We all need hope - so let's create some

Eddy Canfor-Dumas


January 2021

I'm steadily approaching the thousand-hour mark as a crisis-line volunteer. It’s without doubt one of the best things I’ve done in my life and I’m surprised at how the milestone has crept up.

A thousand hours is a long time to spend on the phone talking to people – or, more accurately, listening to them, as I’d estimate the ratio of me listening to talking is roughly 10 to 1.

In that time I’ve learnt some key things about engaging with people in various degrees of distress, some of them suicidal. Here are three observations.

First, given the right – that is, the wrong – circumstances, even the strongest of people can think themselves into a very dark dead-end. And because at such times they are literally hopeless and can see no way out of their predicament, suicide can seem the only logical way to end their pain. And often, if you look at their world only through their eyes, their logic is irrefutable.

The magic of empathy

That said – and second – as listening volunteers we’re trained not to try to argue people out of their thinking patterns, nor to offer advice. Instead, we apply the ‘magic’ of empathy, which we show by engaging fully with the caller and striving to understand what they are going through, without judging them, however difficult or uncomfortable it might be for us to hear.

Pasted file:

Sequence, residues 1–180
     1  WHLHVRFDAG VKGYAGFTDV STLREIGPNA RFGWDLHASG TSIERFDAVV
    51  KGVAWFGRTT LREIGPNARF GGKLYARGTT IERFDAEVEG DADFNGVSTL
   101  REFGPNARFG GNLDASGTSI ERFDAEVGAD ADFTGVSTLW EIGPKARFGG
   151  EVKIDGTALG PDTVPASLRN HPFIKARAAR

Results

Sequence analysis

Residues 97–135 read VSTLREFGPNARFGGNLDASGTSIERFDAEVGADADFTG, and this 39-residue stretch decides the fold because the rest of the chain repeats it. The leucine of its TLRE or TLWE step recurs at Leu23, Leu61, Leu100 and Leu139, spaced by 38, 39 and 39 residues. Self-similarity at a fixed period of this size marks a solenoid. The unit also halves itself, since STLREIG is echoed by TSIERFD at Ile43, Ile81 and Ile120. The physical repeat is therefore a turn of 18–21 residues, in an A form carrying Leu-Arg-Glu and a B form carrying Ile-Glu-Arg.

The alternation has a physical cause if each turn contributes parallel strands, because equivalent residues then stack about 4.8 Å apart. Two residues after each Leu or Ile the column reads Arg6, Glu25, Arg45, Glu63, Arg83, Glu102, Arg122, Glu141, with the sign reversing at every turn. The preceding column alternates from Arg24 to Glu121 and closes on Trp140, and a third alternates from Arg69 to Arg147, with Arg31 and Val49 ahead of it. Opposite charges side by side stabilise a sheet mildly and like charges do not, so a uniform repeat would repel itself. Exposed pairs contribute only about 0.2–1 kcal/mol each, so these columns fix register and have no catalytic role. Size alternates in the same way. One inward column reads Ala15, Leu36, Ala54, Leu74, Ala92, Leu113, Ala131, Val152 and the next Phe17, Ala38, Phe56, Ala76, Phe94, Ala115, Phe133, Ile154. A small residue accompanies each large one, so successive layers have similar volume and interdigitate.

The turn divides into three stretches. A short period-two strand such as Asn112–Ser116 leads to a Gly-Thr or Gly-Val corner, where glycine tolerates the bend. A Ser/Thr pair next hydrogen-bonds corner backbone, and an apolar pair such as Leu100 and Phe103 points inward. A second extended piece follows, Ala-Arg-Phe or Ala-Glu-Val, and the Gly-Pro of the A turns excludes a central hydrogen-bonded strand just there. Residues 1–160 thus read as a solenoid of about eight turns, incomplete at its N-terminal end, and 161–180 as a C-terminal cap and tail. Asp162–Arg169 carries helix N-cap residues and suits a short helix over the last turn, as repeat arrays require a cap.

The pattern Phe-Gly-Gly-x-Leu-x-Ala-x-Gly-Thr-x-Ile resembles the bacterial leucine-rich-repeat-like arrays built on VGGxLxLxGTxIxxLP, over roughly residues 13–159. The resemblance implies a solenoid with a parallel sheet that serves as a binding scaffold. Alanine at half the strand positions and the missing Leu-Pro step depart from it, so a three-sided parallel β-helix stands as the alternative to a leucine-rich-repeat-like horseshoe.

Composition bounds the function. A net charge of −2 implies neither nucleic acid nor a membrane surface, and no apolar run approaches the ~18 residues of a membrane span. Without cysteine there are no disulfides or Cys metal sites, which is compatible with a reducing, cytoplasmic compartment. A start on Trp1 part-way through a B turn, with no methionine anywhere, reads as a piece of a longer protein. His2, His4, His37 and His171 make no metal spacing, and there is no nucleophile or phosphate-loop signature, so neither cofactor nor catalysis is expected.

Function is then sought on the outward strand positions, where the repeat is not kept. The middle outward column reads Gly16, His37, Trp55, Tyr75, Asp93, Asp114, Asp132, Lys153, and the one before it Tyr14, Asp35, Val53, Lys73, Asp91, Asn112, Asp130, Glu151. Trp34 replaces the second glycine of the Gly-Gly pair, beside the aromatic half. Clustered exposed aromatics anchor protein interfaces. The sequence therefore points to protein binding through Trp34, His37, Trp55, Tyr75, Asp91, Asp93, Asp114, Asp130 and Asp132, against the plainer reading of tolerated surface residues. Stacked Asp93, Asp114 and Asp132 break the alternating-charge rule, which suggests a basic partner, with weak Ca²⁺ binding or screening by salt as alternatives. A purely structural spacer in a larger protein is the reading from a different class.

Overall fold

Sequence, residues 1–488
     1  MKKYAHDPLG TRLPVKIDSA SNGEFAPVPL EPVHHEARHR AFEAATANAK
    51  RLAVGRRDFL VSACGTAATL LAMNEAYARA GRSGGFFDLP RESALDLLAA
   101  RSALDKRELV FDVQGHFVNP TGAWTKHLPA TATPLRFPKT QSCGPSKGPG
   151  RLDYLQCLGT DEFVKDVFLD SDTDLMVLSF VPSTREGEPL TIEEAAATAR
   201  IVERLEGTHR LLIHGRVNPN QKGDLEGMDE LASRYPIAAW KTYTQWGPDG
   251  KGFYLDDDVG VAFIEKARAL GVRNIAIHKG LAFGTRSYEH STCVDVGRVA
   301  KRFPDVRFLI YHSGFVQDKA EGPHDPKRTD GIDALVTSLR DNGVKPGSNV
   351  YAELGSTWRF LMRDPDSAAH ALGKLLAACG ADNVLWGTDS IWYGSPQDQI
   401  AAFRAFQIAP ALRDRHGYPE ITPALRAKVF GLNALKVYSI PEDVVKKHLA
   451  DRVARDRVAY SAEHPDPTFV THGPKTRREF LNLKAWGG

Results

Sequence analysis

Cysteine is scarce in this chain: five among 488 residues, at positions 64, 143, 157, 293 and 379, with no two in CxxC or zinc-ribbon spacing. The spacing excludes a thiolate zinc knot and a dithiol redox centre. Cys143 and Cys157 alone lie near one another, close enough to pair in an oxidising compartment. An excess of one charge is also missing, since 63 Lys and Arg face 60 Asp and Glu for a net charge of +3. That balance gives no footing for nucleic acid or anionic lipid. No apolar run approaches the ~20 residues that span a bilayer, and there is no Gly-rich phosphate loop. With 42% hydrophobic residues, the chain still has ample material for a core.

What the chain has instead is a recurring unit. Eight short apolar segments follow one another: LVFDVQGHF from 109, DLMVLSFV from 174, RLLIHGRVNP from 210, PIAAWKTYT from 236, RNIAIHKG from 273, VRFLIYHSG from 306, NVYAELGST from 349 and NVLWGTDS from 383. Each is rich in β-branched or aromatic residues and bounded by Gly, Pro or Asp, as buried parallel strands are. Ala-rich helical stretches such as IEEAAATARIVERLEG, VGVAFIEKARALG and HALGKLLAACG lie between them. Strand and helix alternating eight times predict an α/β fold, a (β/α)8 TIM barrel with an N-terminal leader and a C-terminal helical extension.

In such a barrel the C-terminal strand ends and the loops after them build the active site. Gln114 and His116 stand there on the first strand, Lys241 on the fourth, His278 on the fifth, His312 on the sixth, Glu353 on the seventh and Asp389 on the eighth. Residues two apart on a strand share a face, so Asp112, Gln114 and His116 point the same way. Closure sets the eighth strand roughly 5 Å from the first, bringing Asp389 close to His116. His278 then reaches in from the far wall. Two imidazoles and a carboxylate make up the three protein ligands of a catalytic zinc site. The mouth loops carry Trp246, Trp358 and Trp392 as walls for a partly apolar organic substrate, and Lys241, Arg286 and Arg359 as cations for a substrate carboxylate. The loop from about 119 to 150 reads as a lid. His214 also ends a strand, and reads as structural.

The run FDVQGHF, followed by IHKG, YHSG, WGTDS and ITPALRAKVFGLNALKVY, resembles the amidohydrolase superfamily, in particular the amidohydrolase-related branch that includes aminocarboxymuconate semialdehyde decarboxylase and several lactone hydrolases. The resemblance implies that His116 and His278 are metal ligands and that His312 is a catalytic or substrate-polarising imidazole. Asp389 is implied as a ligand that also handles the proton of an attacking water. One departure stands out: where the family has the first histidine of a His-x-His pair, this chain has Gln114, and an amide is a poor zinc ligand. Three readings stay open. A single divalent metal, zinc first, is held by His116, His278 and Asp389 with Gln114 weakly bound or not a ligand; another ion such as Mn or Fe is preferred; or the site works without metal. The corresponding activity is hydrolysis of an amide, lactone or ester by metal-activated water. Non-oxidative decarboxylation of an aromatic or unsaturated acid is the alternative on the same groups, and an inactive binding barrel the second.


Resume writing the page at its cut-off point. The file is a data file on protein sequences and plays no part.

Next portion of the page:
We focus on them completely, we encourage them to say whatever is on their mind, whatever is troubling them.

We patiently clarify what we’ve heard – and in so doing often help them to clarify their thoughts and feelings too.

And then – if we've shown that we’ve understood by offering an accurate summary of what we’ve heard – there often comes a pivotal moment when the caller says, ‘Yes, that’s exactly right’; or ‘You’ve hit the nail on the head’; or ‘I couldn’t have put it better myself.’

At which point a slender bond of trust has been formed and the conversation can take a new turn – maybe towards other possibilities, other options the caller might not have explored, or perhaps has dismissed but which now might be revisited in a different light.

And third, because the focus is always on empowering the caller – even to the point of acknowledging their right to end their life if that’s their determination – the combination of autonomy and the reframing with them of their situation can produce an almost miraculous event. The emergence of hope.

Not always, but more often than might be expected. I’ve even had callers in suicidal despair at the start of a conversation who, two hours later, were laughing with relief and resolving to keep going.

Winter always turns to spring

We are currently facing a dark and challenging time in the UK and around the world, as the covid pandemic surges again. The UK has gone into its third lockdown, infections are rising rapidly, the hospitals are almost full and the forecast is for things to get worse before they get better.

Even with the promise of the vaccine coming over the horizon it’s very easy to lose hope at a time like this. But I know from personal experience that it is possible to create hope by connecting with another person through empathy and understanding, and together reframing the situation so that even a glimmer of light can get in. In fact, it’s one of the greatest benefits of creative conversation.

So wherever we can, let’s try to do that. Let’s create hope for ourselves and others. Let’s endure this difficult period with hope – together – and look forward to the time when we can return to normality on the other side.

For as a Buddhist sage once said, ‘Winter always turns to spring.’

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